Becoming a resident of Trillium Woods hasn’t stopped Bob Paulson’s lifelong passion for woodworking. In fact, since he moved into Plymouth, MN’s premier lifeplan community with his wife, Mary Ellen, he’s discovered new ways to deepen his craft, focusing more on creating intricate and artistic pieces rather than the Stickley-style furniture that was his signature for many years.
“My children have all the furniture they need,” he laughs.
The Paulsons have converted their new home’s den into an art studio for Bob to work on his projects, and as a member of the Trillium Wood Chippers, he enjoys access to the community’s very well-equipped workshop. In addition, Bob also keeps some larger equipment at his son’s house, which is conveniently just five minutes from Trillium Woods.
“This community was a perfect fit for us,” he explains. “We watched as Trillium Woods was being built, and I helped a friend move in, so we knew all about the benefits of the lifestyle here.”
In early 2023, Paulson began work on one of his most ambitious creations yet, a detailed wooden model of the steamship Minnehaha, a streetcar-style vessel built in 1906 to help commuters travel from communities on Lake Minnetonka to downtown Minneapolis and Saint Paul.
Paulson was inspired by the challenge the ship presented, as well as its intriguing history. After the rise of automobiles, it was scuttled in 1926. Then, in 1980, the wreck was raised from the bottom of the lake. Eventually, it was restored and returned to service from 1996 until 2019, when it lost access to its launch site on Lake Minnetonka. Its size and build make finding another permanent launch site challenging, though the ship’s supporters hope to return it to the water once again.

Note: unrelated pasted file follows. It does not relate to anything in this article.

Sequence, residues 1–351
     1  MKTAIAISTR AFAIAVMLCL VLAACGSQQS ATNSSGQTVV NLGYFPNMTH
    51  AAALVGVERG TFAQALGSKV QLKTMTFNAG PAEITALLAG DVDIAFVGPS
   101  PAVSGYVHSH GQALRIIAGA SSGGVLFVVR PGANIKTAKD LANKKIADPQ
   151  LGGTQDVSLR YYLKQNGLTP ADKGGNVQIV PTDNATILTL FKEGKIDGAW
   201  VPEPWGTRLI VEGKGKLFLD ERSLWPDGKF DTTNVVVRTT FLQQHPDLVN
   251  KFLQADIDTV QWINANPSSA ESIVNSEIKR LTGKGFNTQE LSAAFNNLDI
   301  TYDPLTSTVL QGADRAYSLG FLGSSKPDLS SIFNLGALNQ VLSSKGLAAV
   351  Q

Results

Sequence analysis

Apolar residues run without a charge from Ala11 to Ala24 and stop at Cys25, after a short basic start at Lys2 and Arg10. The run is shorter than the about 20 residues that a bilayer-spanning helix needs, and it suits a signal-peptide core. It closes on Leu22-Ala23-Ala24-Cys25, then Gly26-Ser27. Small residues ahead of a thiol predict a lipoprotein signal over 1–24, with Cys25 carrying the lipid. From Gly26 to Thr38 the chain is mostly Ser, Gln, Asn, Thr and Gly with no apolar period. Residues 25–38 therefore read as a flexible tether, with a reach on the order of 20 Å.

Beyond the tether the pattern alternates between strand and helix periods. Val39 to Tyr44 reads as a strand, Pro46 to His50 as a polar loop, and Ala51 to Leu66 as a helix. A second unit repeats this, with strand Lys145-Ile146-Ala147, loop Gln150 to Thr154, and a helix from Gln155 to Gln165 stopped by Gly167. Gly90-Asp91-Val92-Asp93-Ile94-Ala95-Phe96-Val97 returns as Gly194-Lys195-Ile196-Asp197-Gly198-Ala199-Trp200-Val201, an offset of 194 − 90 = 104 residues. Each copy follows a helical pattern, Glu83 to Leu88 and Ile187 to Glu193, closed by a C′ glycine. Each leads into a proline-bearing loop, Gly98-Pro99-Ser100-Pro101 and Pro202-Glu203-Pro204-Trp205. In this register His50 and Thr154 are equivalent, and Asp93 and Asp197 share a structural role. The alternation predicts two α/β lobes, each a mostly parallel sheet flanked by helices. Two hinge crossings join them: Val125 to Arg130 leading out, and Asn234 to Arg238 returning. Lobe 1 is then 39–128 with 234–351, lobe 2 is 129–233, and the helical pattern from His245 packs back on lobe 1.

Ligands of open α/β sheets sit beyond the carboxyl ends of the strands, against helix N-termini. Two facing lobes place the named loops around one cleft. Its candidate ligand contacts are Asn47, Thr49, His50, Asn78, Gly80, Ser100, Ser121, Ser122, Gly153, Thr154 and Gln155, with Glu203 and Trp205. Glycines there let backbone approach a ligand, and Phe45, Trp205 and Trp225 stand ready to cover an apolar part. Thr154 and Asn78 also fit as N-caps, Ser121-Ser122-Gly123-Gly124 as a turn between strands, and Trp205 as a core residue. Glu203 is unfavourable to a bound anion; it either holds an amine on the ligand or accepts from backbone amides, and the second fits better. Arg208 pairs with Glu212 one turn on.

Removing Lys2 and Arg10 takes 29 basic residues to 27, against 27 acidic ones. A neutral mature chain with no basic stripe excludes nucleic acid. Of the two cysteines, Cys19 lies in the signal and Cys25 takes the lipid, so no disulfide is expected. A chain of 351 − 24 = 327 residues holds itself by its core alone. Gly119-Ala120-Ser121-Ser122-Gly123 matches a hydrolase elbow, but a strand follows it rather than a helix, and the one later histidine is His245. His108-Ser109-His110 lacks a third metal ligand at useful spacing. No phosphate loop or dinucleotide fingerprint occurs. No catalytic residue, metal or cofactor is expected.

Paulson began planning his model using The Museum of Lake Minnetonka website (https://steamboatminnehaha.org) and other online resources, but then Bruce Warner, a 12-year captain on the real Minnehaha was able to arrange a visit to see the boat in dry dock. “Examining the boat in person and taking close-up pictures helped me decide where to be faithful to the original and where to exercise my artistic license,” he says.
While Paulson’s Minnehaha is wood, its 28 passengers are made from polymer clay. “Mary Ellen and I went on a Caribbean cruise in January. Instead of reading a book on the deck, I was working on the passengers,” he says.
The resulting combination of the authentic wooden ship and its stylized group of clay passengers is spectacular and joins the list of Paulson’s favorite pieces, which include a glass-topped coffee table, several uniquely designed floor lamps, an intricate lighthouse, a replica of the Minneapolis Mill City Museum, and a side table that features a duck pond, complete with cattails and butterflies.
Paulson has also used his skill and talents to delight his neighbors at Trillium Woods. For the Fourth of July, he sneaked little red, white, and blue polymer butterflies onto the shelves that can be found outside every apartment door. During the holidays, every resident was surprised with a little sculpture of a wrapped present on their shelf.
Paulson’s surprise polymer clay holiday present and a pair of his 4th of July butterflies as seen on a neighbor’s shelf.
“Trillium Woods is a special community,” Paulson says. “When my wife and I moved in, complete strangers would call to invite us to dinner. It was easy to make friends. Plus, the food is exceptional — as good as any first-class restaurant.”
Paulson’s mini Minnehaha was briefly part of that top-notch dining experience, having recently enjoyed pride of place on the mantel of Trillium Woods’ pub of the same name. Since then, it has enjoyed a homecoming of sorts, having been sold to Tom McCarthy, one of the leaders of the original ship’s restoration efforts.